Craving a hot pastrami sandwich with a matzo ball soup on the side? If you’re ever up in Riverdale, Liebman’s is the last, real, family-owned Jewish deli in the entire borough– it’s up there on most best-of-city lists, right next to the Manhattan staples of Katz’s and Eisenberg’s.
And finally, over in the Morris Park section of the Bronx, one of the most authentic, old-school Italian delis around is still going strong after almost forty years in business: G&R. Practically everything is homemade and fresh, from the sausage to the pasta to the mozzarella to the ravioli. To boot, this hidden gem’s sandwiches are insanely stacked and absolutely affordable.
6. Pelham Bay Park
Ask any New Yorker what the largest NYC park is, and most (if not all) will answer Central Park. The ironic part is, they would be wrong. Hop on the 6 train (to the very last stop) and head up to the most northeast section of the borough to experience Pelham Bay Park, which is almost three times the size of that Manhattan staple, and also encompasses what is known to many natives as the Bronx Riviera, or Orchard Beach (a one mile long, man-made beach with beautiful views of the aforementioned City Island). It also holds over two-dozen courts for basketball, volleyball, and handball.
Getting back to the actual Park, prep yourself for a day filled with a ton of outdoor activities. There are softball/baseball fields, tennis courts, children’s playgrounds, biking trails, and even a running track that was recently renovated in effort to bring the 2012 Summer Olympics to NYC. The Park is also home to the Equestrian Center, where visitors can ride horses or ponies. One insider tip: avoid the beach and park during major weekend holidays, unless you are prepared to deal with large crowds and lots of subway/vehicular traffic.
7. The New York Botanical Garden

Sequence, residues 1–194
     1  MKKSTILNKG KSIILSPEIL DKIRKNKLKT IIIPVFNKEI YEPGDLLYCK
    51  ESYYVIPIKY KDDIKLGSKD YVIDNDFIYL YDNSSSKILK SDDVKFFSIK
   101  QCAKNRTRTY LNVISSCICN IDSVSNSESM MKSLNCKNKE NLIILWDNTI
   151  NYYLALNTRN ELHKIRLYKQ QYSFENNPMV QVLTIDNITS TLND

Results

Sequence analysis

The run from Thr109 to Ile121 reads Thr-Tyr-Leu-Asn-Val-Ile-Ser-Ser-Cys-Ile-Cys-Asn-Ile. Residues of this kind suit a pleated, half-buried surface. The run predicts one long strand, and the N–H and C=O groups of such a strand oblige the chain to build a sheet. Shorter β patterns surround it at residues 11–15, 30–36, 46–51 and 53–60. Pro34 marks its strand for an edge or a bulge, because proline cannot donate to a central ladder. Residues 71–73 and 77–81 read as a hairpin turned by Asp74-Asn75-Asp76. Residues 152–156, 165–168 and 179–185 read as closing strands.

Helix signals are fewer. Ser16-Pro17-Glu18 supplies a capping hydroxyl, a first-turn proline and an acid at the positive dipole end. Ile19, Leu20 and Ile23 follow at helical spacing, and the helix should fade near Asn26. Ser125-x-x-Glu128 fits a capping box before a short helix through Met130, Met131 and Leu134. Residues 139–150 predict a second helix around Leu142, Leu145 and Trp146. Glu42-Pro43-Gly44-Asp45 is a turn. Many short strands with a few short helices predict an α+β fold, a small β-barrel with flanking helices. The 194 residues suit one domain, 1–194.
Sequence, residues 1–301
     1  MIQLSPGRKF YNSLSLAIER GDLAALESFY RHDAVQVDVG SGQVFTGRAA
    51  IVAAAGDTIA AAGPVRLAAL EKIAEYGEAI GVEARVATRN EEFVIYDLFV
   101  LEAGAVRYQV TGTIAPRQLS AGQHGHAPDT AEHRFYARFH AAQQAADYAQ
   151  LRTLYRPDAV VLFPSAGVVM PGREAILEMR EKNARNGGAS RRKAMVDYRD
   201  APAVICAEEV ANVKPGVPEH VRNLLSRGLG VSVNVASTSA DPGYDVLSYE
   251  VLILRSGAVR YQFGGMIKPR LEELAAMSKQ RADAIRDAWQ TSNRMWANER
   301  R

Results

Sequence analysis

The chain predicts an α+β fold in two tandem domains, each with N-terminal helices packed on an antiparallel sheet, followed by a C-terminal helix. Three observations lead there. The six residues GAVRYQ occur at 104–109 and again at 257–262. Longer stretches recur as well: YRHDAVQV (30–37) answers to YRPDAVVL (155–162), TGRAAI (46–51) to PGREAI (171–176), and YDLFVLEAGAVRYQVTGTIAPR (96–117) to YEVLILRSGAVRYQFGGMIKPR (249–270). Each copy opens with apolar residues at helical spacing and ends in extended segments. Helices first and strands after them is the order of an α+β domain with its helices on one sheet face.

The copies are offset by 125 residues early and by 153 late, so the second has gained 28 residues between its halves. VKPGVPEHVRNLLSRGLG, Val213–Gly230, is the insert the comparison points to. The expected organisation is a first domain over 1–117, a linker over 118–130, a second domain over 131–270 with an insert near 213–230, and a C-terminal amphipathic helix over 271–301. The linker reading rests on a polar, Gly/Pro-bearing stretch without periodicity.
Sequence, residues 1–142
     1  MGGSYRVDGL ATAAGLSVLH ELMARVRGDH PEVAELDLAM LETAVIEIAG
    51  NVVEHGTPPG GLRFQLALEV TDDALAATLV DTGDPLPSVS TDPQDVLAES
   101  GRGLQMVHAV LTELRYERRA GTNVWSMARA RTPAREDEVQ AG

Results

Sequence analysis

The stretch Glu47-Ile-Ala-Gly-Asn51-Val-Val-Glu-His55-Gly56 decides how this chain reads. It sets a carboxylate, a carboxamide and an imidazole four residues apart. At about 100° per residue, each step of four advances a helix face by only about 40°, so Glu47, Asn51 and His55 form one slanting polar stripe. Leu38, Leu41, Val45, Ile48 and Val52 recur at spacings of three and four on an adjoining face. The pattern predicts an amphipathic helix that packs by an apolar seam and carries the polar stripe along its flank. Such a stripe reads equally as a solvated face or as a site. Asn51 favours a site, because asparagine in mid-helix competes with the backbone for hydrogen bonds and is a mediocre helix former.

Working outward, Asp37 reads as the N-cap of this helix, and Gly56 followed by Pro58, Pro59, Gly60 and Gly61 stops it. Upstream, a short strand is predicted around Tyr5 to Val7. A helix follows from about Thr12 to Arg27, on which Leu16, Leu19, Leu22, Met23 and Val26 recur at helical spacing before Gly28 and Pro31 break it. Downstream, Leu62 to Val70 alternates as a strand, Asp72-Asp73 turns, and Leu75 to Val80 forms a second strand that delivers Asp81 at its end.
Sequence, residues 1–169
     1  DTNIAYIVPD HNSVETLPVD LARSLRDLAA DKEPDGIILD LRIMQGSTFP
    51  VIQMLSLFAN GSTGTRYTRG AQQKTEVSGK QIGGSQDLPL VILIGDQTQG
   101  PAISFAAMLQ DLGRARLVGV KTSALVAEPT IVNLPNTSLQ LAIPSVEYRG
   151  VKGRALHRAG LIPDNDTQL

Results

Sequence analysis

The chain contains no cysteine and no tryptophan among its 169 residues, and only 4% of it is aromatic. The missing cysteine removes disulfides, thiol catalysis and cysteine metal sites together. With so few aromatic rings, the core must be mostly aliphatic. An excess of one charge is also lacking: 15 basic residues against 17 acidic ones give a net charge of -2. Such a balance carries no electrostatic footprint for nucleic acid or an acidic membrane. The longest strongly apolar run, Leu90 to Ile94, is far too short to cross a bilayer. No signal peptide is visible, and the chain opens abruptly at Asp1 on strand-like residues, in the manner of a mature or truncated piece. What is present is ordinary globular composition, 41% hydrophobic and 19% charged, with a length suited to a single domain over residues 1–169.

Just when you think the Bronx couldn’t get any bigger, there’s this: a 250-acre garden, a national landmark, that’s right across the street from The Bronx Zoo. Don’t bet on being able to visit both destinations in the same day though, because there simply aren’t enough hours to do so. In the NYBG, there are over 50 plant, flower, and tree exhibitions, complete with a wonderful waterfall nestled right in the middle of what literally seems like a New York forest.
What else, you might ask? A massive greenhouse, or conservatory, a beautiful rose and rock garden, the only fresh-water river in NYC (The Bronx River), an enormous library, and numerous research facilities. Be sure to check the NYBG website before planning a trip, however, because there are plenty of weekend and seasonal-specific exhibits, especially during the fall and holiday season, which are definitely worth checking out.
8. The Pizza
Believe it or not, you can find several high-quality pizza shops in the Bronx. This borough may not be as stacked as Brooklyn when it comes to the number of top pizzerias, but it actually isn’t all that far off in terms of quality. Perhaps the most-renowned slice can be found in the Pelham Bay section of the Bronx at Louie & Ernie’s. Their sausage slice is simply phenomenal– quite honestly, it’s among the best in the city because of the fresh meat sourced from local butchers, so you may just want to spring for the entire pie while you’re there.
Back over on Arthur Avenue, Zero Otto Nove consistently serves up wood-fired, Neapolitan pizza pies in a charmingly-authentic, Italian piazza setting, while Antonio’s, Mario’s (their pizza is usually off-the-menu, but just ask for it) and Pugsley (for a more classic NYC slice catered to the Fordham University crowds) are honorable mentions to this list (as is Patricia’s in Morris Park, which also serve up delicious, wood-fired pies).
Finally, visit Yolanda’s right off of the Grand Concourse and 149th Street for all things pizza; for the past fifty-plus years, they have had that entire neighborhood on lock-down when it comes to basically every and any Italian dish imaginable– pizza, obviously, being first and foremost on that list.
9. Jake’s Steakhouse
I know what you’re asking yourself on this one: there’s a great steakhouse in the Bronx– even better, Riverdale? Trust me, yes. All beef, no nonsense. With scenic views of Van Cortlandt Park (another Bronx park bigger than Manhattan’s Central), this multi-level, 125+ seat steakhouse boasts massive, wood-trimmed interiors without the scene, hassle (valet parking is always a plus), and prices of numerous Manhattan counterparts.
Their signature steak dish is Jake’s Filet Mignon, which is topped with melted gorgonzola cheese and scrumptious, frizzled onions, but when you have a joint churning out dishes as tender and juicy as they do (thanks to the owners, who age hand-selected beef in their own facilities), you can’t go wrong with any of their basic meat selections either.
By: Danny Giardullo